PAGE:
Posts Tagged ‘AU’

From FM News, NAIROBI, Kenya Jan 12 2010- The International Centre for Transitional Justice says it is unlikely that African Union member states will support the call by Kenya to withdraw from the Rome Statute which establishes the International Criminal Court . The Head of the ICTJ Kenya Office Njonjo Mue ruled out a case of a bloc withdrawal by African countries which form the largest members to the court.

“Although the AU has its issues with the refusal of the ICC to defer the Bashir indictment, African states have not individually said they have a problem, so they will withdraw but it is awaited to be seen what the game plan is,” he told Capital News.

This comes in the wake of reports that the Government has sent ministers to lobby different African countries to support its efforts to have the six Kenyans named by the International Criminal Court tried locally. Only this week, Vice President Kalonzo Musyoka met Presidents Jacob Zuma and Yoweri Museveni over the issue and is expected to travel to Malawi with only two weeks left before African Union Heads of State meet in Addis Ababa, Ethiopia, for an AU summit.


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12 January 2011 VOA News

The campaign to remove Kenya from the International Criminal Court appears to be gathering steam as the east African nation looks to rally diplomatic support across Africa.
Members of Kenya’s cabinet are currently crossing the continent to gain African Union support for withdrawal from the court, the country’s major news outlets are reporting Wednesday.

Kenya’s Daily Nation newspaper and Capital FM radio station have reported that Vice President Kalonzo Musyoka is in South Africa Wednesday to discuss withdrawal with President Jacob Zuma. The vice president is expected to visit Uganda on Thursday to push for further support from President Yoweri Museveni.

While news of the government-wide push contradicts past statements by Kenyan leaders, the Director for the Nairobi-based International Center for Policy and Conflict, Ndungu Wainaina, doubts whether the current coalition government ever actually supported the court.

“The war against ICC in Kenya is deeper than what it seems on the face,” said Wainaina. “Despite the various public statements by individual members, individual cabinet ministers and the Prime Minister, we have not seen a collective government position since this new war against the ICC began.”

It has been less than a month since International Criminal Court Prosecutor Luis Moreno-Ocampo announced six suspects are to face judges in The Hague for their roles in Kenya’s post-election violence three years ago. The list, which confirmed speculation involving prominent politicians, such as Finance Minister Uhuru Kenyatta and presidential hopeful William Ruto, also contained surprises, like civil servant Francis Muthaura and journalist Joshua arap Sang.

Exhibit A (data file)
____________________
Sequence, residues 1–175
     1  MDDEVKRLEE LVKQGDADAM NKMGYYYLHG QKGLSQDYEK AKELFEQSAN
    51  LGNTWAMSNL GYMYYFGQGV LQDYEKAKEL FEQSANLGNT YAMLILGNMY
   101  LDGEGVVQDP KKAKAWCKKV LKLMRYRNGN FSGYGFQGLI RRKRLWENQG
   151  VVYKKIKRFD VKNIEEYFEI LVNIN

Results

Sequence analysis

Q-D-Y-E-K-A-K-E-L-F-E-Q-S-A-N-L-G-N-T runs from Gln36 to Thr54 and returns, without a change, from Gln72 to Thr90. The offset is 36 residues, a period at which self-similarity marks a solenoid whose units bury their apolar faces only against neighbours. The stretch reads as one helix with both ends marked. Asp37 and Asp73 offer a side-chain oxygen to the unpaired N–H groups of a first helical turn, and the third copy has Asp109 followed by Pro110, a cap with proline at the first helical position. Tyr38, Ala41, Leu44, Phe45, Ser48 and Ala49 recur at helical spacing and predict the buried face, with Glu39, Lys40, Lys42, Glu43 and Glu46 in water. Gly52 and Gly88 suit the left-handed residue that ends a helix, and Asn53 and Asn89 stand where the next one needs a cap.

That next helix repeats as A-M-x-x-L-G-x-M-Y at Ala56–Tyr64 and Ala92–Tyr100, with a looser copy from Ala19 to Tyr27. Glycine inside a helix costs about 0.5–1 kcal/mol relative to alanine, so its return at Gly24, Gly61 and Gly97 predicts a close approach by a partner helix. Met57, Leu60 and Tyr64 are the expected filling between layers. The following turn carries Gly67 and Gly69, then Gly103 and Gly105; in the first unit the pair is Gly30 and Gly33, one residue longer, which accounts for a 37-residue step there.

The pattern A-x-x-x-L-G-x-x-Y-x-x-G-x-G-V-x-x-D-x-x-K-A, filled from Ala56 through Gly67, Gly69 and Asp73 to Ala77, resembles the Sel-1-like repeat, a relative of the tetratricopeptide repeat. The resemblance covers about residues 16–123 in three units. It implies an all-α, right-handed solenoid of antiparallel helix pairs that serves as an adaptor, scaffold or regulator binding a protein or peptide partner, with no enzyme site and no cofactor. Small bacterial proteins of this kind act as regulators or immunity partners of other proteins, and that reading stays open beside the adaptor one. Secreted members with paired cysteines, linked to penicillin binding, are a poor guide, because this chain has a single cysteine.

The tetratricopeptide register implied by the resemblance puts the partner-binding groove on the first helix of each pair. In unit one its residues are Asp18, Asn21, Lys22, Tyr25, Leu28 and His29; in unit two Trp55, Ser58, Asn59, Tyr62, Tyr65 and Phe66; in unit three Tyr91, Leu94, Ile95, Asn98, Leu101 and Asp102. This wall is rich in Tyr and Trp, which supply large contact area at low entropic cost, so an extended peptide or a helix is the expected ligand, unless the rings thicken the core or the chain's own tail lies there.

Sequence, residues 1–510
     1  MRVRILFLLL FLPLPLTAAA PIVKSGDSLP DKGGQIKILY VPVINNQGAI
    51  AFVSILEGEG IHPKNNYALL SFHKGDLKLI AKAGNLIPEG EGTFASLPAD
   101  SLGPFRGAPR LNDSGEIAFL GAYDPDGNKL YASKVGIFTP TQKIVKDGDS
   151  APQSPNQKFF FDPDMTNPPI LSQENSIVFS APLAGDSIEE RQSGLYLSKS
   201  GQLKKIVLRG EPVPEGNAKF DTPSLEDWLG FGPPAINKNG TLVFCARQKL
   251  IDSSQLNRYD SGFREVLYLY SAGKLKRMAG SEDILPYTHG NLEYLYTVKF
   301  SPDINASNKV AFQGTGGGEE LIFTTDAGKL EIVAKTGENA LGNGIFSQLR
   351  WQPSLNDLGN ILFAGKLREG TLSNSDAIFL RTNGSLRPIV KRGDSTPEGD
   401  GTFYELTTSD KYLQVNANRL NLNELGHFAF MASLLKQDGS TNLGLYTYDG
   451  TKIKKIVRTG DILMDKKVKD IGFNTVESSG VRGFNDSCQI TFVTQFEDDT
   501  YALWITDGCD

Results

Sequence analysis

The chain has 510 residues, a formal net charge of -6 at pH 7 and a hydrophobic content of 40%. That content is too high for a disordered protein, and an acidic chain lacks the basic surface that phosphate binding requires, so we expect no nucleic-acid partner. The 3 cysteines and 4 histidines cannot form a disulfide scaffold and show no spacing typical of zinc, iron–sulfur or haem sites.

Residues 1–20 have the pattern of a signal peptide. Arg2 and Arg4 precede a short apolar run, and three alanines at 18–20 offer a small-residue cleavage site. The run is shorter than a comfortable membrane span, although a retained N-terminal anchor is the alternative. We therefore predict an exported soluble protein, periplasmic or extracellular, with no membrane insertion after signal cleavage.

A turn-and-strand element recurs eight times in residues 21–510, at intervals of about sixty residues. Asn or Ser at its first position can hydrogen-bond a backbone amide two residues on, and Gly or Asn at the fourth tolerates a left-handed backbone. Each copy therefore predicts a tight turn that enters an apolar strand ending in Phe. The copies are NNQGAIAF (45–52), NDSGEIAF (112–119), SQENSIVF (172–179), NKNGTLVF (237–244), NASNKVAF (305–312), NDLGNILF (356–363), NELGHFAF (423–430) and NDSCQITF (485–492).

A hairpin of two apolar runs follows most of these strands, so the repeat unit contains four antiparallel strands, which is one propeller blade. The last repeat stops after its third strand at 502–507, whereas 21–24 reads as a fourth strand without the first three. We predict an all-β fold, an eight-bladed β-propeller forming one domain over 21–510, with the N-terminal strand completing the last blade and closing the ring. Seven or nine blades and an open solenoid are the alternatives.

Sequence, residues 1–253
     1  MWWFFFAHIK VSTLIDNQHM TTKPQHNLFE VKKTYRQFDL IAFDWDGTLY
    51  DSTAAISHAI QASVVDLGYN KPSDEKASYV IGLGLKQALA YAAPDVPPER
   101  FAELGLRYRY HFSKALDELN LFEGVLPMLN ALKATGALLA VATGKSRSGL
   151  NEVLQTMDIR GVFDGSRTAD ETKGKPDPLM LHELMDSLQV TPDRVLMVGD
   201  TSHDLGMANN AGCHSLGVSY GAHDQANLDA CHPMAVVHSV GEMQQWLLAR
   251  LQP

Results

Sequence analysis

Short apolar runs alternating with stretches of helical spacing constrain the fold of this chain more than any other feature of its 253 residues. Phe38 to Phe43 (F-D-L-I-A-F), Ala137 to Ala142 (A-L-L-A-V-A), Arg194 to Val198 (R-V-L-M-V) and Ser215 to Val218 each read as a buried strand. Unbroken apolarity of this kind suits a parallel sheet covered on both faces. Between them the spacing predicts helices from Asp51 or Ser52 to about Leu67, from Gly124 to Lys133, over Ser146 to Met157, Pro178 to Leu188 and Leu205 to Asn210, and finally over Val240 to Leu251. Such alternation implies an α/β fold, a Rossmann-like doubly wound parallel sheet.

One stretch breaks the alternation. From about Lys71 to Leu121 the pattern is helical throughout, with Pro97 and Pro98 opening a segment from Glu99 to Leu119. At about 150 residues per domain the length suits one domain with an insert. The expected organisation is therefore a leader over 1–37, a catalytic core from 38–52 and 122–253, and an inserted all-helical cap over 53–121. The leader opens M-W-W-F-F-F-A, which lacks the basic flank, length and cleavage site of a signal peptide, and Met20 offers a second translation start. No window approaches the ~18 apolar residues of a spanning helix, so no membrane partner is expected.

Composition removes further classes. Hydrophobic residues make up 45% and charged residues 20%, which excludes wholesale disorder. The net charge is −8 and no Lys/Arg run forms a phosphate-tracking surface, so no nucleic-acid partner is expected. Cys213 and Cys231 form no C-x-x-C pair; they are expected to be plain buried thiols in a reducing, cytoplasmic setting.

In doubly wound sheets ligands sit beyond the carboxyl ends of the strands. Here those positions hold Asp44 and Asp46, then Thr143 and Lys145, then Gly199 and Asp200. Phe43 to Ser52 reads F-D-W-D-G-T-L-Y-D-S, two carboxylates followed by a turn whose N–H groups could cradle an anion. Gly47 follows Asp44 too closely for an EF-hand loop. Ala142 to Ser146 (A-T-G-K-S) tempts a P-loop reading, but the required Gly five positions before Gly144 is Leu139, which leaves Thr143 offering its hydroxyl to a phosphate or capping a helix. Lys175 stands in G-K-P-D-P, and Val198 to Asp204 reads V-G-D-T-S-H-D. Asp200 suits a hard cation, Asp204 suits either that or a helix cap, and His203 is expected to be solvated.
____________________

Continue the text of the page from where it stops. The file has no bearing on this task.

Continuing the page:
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Alfred Wandera, Daily Nation , June 9 2010

President of the Assembly of State Parties to the International Criminal Court has insisted that Uganda must arrest Sudan President Omar al-Bashir should he visit the country during the AU summit due in Kampala in July.

In a statement released yesterday to media at the ongoing ICC Review Conference in Kampala, Mr Christian Wenaweser said since Uganda is a party to the Rome Statute, it has to fulfil its mandate as stipulated in the Statute.

“I’m looking forward to seeing a statement from the Ugandan government that is less equivocal than what we have seen over the past few days. What’s important from our perspective is Uganda is a state party to the Rome Statute so it has an obligation to fully cooperate with the provisions of that statute and we would like to see a statement to that affect,” Mr Wenaweser’s statement reads in part.

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OTJR has recently produced a new debate series on International Justice In Africa: http://www.csls.ox.ac.uk/otjr.php?show=currentDebate10.

Contributions Include:

11. International Criminal Justice and Non-Western Cultures

12 April 2010 by Tim Kelsall

As the ICC Review Conference nears, it is time to consider how best to create a form of international criminal justice that is culturally and socially appropriate in non-Western settings.

10. Peace, Justice, and the International Criminal Court

19 March 2010 by Sara Darehshori and Elizabeth Evenson

This paper argues that justice initiatives, and the ICC’s work in particular, do not seriously impede peace processes. The paper shows instead that remaining firm on justice yields short- and long-term benefits that contribute toward peacebuilding.

9. What the ICC Review Conference Can’t Fix

15 March 2010 by Adam Branch

8. Root and Branch, Tree of Life: Sowing the Seeds of Grassroots Transitional Justice

10 March 2010 by Andrew Iliff